Finally! Stop Forgetting About Your Backups

Posted: May 5th, 2010

Photo by JS.C (Flickr)

Photo by JS.C (Flickr)

Here’s an eternal question for you. How often do you perform a backup of important files on your computer?

Weekly? Whenever you get around to it?

If you’re like me, you would fall into the “oh shit it’s been a while better do one” category. Obviously this is highly fallible since, potentially, I could lose quite a lot of work in case a catastrophe happens. Really though, if you back up even once a week, there could still be a loss of data in case your hard drive decides to retire.

Losing data has happened to me exactly two times. One from hard drive failure and the other due to theft. I can tell you first hand that spending a week trying to recover a small portion of your data trully sucks.

I can also say it’s a safe bet that this will happen to you at some point (I just jinxed you).

At the start of this year, though, I began to use online backup services to handle this chore too easy to remember to do yourself. Online backups offer the advantage of backing up data automatically and on a daily basis. Also, once all your files are initially uploaded, from then on, they only backup new or updated files and don’t hog all the memory on your computer

Now, I only wish I had done this sooner.

So what are online backup services? Here are some of the recommended favorites:


This was my choice and I haven’t been disappointed by it. One great feature is that it saves changed versions of files for up to 90 days so you can easily recover those edits you didn’t intend to make.

The only downside is that it can only be used on a single computer. Therefore, if you have a desktop at home and a laptop for the road, you’ll need two separate accounts. Also, you have to manually backup video and installation files since this isn’t done by default.

Pricing is 55 USD/year for unlimited space.


Since Carbonite only backs up a single computer, I utilize Mozy, which offers a free backup up to 2 GB, for my laptop. Otherwise the pricing is 4.95 USD/month (or 55 USD/yearly) for unlimited space. If you don’t have so much data this is the best option.

Similar to Carbonite, Mozy saves changed versions of files but for up to 30 days. It also can only be used on a single computer, a gripe I have with online backups.

SOS Online Backup

A PC Magazine editor’s choice. SOS offers an easy-to-use interface, backup multiple computers, file sharing (not offered with Carbonite/Mozy) and, not to mention, saves changed file versions forever.

A downside to SOS, though, is that it only offers up to 15 GB of storage which means you’d have to skip those mp3s and videos.

Pricing is yearly at 20 USD/2 GB, 30 USD/5 GB and 50 USD/15 GB.

Jungle Disk

If you need the ability to share files, backup multiple computers and want the ability to retrieve an old file version from anytime in the past with unlimited space, this one is it. Its essentially SOS with no limit storage. Had I known about this service sooner, I probably would have opted for this.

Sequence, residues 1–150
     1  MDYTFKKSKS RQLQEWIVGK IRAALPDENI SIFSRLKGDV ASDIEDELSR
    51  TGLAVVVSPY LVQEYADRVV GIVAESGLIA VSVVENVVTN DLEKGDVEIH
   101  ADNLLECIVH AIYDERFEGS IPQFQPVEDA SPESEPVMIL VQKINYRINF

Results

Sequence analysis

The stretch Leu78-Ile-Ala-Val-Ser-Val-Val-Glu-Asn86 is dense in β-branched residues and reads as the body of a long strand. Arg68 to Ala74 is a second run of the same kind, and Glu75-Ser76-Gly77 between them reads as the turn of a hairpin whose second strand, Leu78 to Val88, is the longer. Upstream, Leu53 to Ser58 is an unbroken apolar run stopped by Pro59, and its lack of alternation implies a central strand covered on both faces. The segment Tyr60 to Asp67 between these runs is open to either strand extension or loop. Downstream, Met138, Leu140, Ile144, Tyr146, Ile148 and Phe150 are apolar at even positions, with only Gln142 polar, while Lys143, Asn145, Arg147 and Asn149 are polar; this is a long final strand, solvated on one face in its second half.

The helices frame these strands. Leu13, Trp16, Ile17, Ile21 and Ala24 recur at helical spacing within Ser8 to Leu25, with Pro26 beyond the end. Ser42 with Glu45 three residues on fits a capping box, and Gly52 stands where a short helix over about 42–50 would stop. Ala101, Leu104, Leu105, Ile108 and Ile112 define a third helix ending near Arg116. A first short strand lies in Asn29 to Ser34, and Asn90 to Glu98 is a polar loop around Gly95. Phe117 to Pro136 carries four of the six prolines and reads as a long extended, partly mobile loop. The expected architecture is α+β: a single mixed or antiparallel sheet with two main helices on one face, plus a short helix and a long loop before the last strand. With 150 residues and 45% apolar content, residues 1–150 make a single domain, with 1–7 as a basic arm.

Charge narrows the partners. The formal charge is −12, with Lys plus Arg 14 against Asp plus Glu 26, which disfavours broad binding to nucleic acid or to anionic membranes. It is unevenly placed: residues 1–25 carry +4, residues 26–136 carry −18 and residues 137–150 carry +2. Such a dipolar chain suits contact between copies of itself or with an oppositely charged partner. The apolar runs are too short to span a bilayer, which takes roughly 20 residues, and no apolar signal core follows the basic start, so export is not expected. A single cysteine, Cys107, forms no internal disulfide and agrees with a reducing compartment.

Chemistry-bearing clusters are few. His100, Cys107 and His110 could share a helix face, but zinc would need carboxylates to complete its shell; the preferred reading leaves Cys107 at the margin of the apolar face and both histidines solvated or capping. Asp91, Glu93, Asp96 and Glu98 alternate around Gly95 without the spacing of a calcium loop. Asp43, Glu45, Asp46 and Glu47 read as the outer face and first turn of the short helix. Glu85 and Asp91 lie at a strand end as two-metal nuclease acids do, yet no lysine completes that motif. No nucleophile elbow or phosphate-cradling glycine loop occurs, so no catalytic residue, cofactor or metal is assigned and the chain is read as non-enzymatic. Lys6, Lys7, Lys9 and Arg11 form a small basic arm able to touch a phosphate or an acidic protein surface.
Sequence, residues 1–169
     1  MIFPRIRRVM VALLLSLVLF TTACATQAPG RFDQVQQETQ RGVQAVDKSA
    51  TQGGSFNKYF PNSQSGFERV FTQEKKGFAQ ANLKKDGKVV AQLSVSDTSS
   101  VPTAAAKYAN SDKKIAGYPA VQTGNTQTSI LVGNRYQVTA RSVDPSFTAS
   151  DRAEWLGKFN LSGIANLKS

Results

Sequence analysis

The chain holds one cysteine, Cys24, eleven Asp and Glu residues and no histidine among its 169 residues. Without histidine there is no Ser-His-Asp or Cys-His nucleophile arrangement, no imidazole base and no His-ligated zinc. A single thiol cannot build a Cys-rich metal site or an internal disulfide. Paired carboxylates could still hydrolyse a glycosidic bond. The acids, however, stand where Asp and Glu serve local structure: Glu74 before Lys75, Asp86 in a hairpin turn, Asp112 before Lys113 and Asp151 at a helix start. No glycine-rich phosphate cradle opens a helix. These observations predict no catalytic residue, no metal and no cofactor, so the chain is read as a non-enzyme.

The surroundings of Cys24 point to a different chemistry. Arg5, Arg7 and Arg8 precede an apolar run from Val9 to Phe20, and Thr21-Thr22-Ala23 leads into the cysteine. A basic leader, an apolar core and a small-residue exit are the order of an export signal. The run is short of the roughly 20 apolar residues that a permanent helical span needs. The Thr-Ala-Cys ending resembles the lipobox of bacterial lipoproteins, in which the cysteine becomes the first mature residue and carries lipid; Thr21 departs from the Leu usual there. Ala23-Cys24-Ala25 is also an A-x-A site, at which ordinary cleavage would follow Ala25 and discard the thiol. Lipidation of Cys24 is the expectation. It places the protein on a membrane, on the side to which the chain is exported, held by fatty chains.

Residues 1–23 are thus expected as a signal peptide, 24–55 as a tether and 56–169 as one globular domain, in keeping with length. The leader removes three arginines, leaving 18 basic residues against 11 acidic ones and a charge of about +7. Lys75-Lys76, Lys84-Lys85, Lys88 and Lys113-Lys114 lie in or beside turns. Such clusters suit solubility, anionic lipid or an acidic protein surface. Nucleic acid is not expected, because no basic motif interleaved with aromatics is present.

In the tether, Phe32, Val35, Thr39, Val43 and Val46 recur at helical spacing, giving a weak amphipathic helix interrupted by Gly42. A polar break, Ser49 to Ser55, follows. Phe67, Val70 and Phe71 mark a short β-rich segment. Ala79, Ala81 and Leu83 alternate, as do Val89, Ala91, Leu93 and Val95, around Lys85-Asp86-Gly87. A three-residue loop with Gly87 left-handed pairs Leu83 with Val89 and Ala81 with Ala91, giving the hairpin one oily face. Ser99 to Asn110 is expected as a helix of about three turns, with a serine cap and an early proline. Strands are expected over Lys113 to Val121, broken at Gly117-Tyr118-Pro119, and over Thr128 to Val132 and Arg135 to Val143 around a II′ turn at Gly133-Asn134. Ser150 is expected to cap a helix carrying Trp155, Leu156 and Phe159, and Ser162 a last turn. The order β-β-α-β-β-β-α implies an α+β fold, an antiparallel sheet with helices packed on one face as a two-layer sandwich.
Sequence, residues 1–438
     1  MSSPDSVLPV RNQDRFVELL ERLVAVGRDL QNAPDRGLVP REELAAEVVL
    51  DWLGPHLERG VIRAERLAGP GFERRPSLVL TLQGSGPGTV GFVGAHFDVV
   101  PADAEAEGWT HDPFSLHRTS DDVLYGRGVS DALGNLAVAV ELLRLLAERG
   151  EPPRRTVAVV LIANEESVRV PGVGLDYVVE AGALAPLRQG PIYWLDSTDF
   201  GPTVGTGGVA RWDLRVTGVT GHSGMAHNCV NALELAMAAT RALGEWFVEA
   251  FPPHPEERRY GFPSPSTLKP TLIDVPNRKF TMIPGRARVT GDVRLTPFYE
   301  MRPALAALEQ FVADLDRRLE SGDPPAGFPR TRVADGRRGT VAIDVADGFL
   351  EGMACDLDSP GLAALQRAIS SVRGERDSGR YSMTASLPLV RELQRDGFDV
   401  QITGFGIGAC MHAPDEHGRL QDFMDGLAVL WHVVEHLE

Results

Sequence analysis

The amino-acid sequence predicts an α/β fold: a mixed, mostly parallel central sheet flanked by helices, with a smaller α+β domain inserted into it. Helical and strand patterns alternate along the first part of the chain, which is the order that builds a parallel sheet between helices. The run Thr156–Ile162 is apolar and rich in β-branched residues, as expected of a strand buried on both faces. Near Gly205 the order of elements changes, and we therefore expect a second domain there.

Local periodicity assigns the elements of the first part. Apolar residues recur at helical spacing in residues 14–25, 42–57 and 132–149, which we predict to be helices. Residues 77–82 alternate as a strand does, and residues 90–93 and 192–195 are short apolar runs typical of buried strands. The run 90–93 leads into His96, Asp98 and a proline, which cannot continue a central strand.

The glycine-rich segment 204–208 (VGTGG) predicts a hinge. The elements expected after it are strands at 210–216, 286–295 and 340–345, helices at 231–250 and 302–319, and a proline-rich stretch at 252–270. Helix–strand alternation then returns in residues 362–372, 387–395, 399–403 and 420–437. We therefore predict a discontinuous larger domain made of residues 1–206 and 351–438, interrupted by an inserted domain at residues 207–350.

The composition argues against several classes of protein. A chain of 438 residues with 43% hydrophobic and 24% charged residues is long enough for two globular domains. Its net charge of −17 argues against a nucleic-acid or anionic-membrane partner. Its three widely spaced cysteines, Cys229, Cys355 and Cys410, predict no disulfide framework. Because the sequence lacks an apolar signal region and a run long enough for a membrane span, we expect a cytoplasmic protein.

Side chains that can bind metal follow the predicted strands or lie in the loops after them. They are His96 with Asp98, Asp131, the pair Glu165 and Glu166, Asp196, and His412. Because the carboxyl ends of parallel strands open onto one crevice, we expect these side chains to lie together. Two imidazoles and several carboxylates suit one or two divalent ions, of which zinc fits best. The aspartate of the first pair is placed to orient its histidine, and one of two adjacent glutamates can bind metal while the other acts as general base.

Their pricing structure is a bit weird so crunch the numbers at your own risk:

2 USD/month
Plus $.15 per GB of storage used per month
Plus $.10 per GB of data uploaded
Plus $.15 per GB of data downloaded

* * *

Whichever one you decide, or if you even use one not listed here, take my advice and have one installed. One less worry (and one less bigger worry after data loss) makes all the difference.

For more information on Carbonite, Mozy and SOS, view PC Magazine’s detailed review of these backups.

More on the author, Johnny Spence
Johnny is the founder of The Freelance Rant and a freelance web programmer with 8 years in the business. Have a visit at his company Oscarrr!web or see what he's up to on Twitter.

5 Comments. Join In!

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    May 5th, 2010 at 9:03 pm

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  • Jon Buscall

    May 5th, 2010 at 9:11 pm

    Interesting review. I’ve been hearing good things about Carbonite from US friends but hadn’t realised it only worked with 1 machine at a time.

    I use Time Machine to back up a couple of Macs in my office and DropBox and Gmail for storing those extra special files. Will check out Jungle Disk now. Hadn’t heard of it. Thanks for the tips!
    .-= Jon Buscall´s last blog ..Liverpool FC Are a Brand with a Communications Crisis =-.

  • Johnny

    May 6th, 2010 at 6:02 pm

    @Jon I just had a look and had no idea that OS X has a built in backup system in place. You’re privileged!

    If the day ever came where Windows finally utilizes a similar integrated backup, I doubt I would trust it anyway.

  • Mickey

    May 6th, 2010 at 11:34 pm

    I’ve designed my workflow so that it’s essentially backed up by default. Since I work from three different PCs (desktop, laptop, netbook), it was important to keep things synced between the three. I use the premium version of DropBox (up to 50GB allowed; I think I’m using about 8), Evernote and Gmail. Between those, all of my computers have the same files, so if I’m cranking away on my desktop or meeting a client at a coffee shop with my netbook, everything I need is right there.

    Of course, this has the advantage of being an automatic backup too, since everything is synced to the cloud. The only real downside is the privacy angle (what if one of those services get hacked?), but so far, so good.

    I haven’t done a real “backup” in a while, and I love it! 🙂
    .-= Mickey´s last blog ..Where’s the personal service? (I’m talking to you, Sears and Jim Tidwell Ford) =-.

  • Johnny

    May 7th, 2010 at 5:14 pm

    @Mickey Your the second one that uses DropBox here and it’s looking more like the best choice to me. I have to sync between a laptop and desktop too and use another service for that so having the backup and sync in one would really save my day!